Giotto was the pivotal figure of the Florentine school. His genius was acclaimed in his own time, and although some critics put more emphasis on his ability to turn his art into a lucrative business, his paintings are to me a synthesis of art and spirituality of one who has experienced great faith. A sort of a solid, tangible, palpable faith permeates from the dramatically expressive scenes that seem so real to us even today thanks to his innovative techniques such as the use of modelling and the realistic integration of figures in his dynamic compositions.
Prominent in the present exhibition is Giotto's Saint John the Evangelist, whose personality seems so well defined you could say that the "casting" was perfect had Giotto been a film maker. Some small devotional paintings such as "The Two Angels" of Giovanni Baronzio (14th century) or Lorenzo Monaco's Madonna & Child shine in their chromatic preciousness and simplicity of design, and are simply enchanting (Fra Angelico worked as an illustrator of manuscripts in Lorenzo Monaco's shop). And the Tondo representing the Madonna and child attributed to Botticelli (1445-1510) with delicate colors and subtle and natural attitude is so Florentine in essence.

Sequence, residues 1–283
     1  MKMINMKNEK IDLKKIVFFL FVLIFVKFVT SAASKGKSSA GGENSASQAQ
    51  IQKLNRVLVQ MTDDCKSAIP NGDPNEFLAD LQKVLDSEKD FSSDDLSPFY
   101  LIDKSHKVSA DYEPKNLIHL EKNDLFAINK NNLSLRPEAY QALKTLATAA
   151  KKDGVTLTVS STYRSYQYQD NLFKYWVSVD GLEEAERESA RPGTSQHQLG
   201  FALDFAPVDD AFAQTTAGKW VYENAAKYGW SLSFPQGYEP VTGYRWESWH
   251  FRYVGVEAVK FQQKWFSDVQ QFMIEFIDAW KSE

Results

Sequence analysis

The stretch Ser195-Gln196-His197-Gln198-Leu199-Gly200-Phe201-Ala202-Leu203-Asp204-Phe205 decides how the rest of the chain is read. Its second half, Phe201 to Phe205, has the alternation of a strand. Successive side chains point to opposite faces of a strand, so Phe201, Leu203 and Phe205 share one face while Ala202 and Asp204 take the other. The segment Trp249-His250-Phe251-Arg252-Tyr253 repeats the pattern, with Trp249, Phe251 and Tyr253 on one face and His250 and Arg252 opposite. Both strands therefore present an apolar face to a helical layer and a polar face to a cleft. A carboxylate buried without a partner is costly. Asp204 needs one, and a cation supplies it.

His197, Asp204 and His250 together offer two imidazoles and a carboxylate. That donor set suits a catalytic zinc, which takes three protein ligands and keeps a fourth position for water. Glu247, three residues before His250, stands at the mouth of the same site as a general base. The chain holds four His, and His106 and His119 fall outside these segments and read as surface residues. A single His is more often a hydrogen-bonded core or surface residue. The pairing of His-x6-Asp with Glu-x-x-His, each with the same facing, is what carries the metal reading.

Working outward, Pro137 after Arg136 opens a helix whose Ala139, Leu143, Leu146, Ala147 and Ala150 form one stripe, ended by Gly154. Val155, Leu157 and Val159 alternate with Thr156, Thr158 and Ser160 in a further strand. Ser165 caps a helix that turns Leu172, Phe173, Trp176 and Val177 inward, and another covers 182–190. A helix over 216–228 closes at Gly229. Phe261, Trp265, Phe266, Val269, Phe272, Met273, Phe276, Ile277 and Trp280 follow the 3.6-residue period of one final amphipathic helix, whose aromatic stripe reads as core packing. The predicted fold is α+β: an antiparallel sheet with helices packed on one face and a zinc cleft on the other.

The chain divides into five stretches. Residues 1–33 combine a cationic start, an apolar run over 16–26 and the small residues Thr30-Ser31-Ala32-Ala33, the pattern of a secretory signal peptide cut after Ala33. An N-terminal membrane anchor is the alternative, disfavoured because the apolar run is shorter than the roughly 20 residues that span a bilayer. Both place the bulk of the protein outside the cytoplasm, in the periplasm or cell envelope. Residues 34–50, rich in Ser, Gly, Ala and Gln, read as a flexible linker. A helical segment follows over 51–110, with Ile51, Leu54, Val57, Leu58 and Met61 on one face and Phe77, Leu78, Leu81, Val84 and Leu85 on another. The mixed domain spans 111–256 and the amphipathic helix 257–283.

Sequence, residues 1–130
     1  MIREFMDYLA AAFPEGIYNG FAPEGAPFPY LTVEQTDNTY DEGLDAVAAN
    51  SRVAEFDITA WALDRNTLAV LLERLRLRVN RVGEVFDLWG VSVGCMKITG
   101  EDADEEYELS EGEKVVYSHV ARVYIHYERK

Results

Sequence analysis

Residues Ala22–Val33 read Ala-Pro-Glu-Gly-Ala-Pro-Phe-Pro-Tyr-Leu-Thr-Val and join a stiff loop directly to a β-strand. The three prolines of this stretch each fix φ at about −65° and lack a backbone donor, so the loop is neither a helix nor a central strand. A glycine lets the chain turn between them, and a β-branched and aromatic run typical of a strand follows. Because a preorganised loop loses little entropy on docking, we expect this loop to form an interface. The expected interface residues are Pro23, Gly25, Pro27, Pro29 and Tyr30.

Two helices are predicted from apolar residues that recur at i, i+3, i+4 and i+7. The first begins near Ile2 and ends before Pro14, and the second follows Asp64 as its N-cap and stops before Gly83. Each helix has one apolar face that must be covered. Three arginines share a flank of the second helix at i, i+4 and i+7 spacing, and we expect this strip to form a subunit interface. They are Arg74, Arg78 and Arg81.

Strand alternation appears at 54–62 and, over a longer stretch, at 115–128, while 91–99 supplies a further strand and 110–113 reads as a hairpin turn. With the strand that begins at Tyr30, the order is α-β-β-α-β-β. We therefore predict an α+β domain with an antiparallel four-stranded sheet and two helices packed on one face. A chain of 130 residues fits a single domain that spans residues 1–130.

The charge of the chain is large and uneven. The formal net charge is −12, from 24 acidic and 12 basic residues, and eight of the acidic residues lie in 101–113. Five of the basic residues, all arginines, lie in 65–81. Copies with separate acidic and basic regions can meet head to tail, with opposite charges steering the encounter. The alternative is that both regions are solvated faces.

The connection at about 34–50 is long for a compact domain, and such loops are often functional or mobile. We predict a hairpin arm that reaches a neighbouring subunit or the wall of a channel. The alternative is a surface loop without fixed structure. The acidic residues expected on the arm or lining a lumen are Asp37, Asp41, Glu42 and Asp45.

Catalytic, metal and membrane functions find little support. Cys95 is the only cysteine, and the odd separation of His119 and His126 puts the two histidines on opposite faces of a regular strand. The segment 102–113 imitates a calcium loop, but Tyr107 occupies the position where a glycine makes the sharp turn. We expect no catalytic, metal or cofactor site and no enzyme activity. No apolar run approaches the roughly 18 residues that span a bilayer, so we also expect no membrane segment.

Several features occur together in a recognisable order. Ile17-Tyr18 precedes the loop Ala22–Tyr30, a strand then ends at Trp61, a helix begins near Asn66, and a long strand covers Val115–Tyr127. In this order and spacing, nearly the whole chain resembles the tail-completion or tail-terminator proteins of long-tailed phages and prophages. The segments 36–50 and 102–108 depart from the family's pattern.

Yet the 15th century Madonna with the child St. John and two angels attributed to Pier Francesco Fiorentino seems to be of a more primitive nature than Giotto's work, which brings us to the fact that Giotto was understood, followed and surpassed only a century after his death. Many of his contemporaries or artists of the following generation seem not to have attained the same artistic heights, but nevertheless their work is imprinted with beauty and charm. However, Masaccio surpassed Giotto and in some aspects Andrea Mantegna (1431-1506) from the school of Padua took a leap towards the "Rinovatio" as the Renaissance was referred to by it's contemporaries.
Mantegna's Ecce Homo (pronounced by Pontius Pilate presenting Jesus to the accusing crowds) is one of the great masterpieces exhibited here, where Jesus' dignity in suffering and despair contrasts with the hideous figures that accuse him; the rope and crown of thorns symbolize the injustice of man as opposed to God's gift of the transparent aura that crowns his head.